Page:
Ireland’s roll out of smart electricity and gas meters is scheduled to start in 2018. 2.2million electricity and 600,000 gas smart meters will be installed in homes across the country. This regulatory driven programme is aiming to address EU targets, which are reducing emissions by up to 9%, whilst also catering to the consumers and will ultimately lower energy costs by around 3%. Ireland is one of many EU member states deploying smart meters as part of the solution to manage energy supplies and tackle climate change.
The Irish energy regulator, Commission for Energy Regulation (CER), has published numerous Decision Papers on the National Smart Metering Programme (NSMP), and a final decision on its structure is expected in April 2016. The most critical element of any successful smart meter roll out is the choice of technology for the communication network. The installation of a smart meter will enable consumers to understand their energy usage and allow them to make informed decisions to change their behaviour where necessary and to take advantage of best value tariffs. It is no longer enough to simply rely on billing statements.
CER, as part of its consultation, is currently evaluating what meter functionality and which communication technology will deliver a positive cost benefit analysis for the country-wide implementation. Among the communications choices are cellular, long range radio (LRR), and mesh. A crucial point CER will have to consider is data, and in this instance, it has to consider the security of the data from a smart energy network, which is a critical piece of national infrastructure. As the amount of data increases, so must the capacity to carry and successfully deliver it. This is why the communication network that Ireland selects for smart metering is so vital.There is a choice to be made here: use the existing cellular infrastructure or use a dedicated network to carry this data.
The challenge for cellular network operators is that the networks already carry out a specific service–transporting data from mobile devices, tablets, mobile broadband-enabled laptops and thousands of other non-critical devices. These networks will find themselves under pressure to meet existing consumer, business commitments and significant growth in the M2M and IoT sectors. Additional investment and a substantial development timescale would be required, before being able to factor in the guarantees needed by CER to provide a truly ‘utility-grade’ network for smart meters. Cellular networks also suffer from ‘notspots’, which are areas with no coverage. This is sometimes due to the cellular network being unable to penetrate buildings, or gaps in the network caused by the placement of communications infrastructure.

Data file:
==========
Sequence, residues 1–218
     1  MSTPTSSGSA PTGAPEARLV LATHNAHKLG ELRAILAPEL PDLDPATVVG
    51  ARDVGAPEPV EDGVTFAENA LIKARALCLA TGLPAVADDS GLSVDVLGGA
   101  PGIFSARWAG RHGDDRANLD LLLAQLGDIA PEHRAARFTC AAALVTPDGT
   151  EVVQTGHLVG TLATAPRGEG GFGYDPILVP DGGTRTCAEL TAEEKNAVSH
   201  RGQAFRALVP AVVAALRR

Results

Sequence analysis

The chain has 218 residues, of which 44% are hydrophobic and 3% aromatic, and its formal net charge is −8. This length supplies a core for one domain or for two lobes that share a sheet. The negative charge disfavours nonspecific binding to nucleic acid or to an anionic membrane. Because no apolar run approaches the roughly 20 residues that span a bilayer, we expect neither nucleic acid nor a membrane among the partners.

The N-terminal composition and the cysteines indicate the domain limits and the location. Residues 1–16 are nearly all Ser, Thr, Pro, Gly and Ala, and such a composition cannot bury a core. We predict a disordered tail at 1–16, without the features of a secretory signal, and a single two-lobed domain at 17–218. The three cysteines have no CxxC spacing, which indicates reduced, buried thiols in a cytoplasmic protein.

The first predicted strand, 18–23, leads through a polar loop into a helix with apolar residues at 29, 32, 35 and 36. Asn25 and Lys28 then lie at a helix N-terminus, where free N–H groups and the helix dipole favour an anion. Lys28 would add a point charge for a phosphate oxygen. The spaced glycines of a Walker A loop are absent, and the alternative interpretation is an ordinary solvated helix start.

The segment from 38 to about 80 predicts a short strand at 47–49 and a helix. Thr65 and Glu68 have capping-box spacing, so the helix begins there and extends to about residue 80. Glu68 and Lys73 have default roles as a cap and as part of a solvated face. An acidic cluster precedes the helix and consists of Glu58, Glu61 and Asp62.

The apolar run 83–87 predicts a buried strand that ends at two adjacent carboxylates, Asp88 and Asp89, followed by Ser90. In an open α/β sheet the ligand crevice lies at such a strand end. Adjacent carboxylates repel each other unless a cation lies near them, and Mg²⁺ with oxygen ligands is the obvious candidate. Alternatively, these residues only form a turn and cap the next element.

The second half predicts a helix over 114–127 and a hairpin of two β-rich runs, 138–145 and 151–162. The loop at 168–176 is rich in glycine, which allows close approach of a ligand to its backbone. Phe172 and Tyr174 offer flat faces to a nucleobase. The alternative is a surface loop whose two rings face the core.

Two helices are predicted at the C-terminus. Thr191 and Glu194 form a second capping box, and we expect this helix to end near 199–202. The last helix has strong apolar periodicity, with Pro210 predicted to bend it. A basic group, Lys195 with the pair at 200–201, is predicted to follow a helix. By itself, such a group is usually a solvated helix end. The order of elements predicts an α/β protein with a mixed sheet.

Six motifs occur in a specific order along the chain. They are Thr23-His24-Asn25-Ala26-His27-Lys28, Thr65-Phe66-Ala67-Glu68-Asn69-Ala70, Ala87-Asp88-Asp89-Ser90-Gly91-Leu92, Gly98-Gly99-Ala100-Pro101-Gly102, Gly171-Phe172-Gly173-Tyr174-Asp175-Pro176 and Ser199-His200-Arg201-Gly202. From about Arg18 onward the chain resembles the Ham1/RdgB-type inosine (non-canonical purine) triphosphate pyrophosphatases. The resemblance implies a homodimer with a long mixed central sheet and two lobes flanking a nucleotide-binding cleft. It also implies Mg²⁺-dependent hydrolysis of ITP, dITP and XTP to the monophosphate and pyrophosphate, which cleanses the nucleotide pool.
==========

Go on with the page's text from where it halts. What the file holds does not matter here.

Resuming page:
Cellular networks function best when it comes to reaching phones and other consumer devices in dense urban environments. Reaching remote rural areas and deep into buildings to the meter location is more challenging. Ireland, like almost every country, is a combination of built-up cities and towns separated by vast expanses of rural land, small villages and farms. Ireland’s geography, plus the problem of sharing capacity with an increasing number of connected devices, alongside an ever-increasing amount of data, means that a dedicated, resilient and secure by design network for smart meters is the only credible option.
Ireland needs a communication network that will not only cover 100% of the meter population regardless of location or building style, but also be totally secure and expand to accommodate future technology applications. LRR offers the resilience, reliability and security that a smart energy network requires. It is the only communications technology that can achieve at least 99.5% first time connection, with a single technology – and with no need for expensive ‘in-fill’ technologies to bridge the gap, such as mesh radio.
LRR is being rolled out to 10.2 million homes in the North of England and Scotland as part of the GB smart meter programme. It will cover an expanse that includes six of the ten biggest cities in the UK, and large rural areas – similar in size, population and topography to Ireland. Any network that wants to capture data in this environment not only needs to deal with dense urban areas but also connect with meters in the cellars of homes in the remotest of locations. LRR has already been successfully proven to be able to achieve this, and unlike cellular, is the only solution capable of carrying this out.
Smart metering is rapidly becoming the way modern utilities will run. The choice currently facing Ireland – and all EU governments looking to roll out smart meters – is whether to choose a communications solution that is trying to balance the needs of many applications, and may not meet the mandated requirements; or a dedicated, future-proof, utility-grade network that reaches every meter possible. When the answer lies within reach, is cost-beneficial and durable, surely the decision is an easy one to make?
By Neil Adams, Director, UK & Ireland, Sensus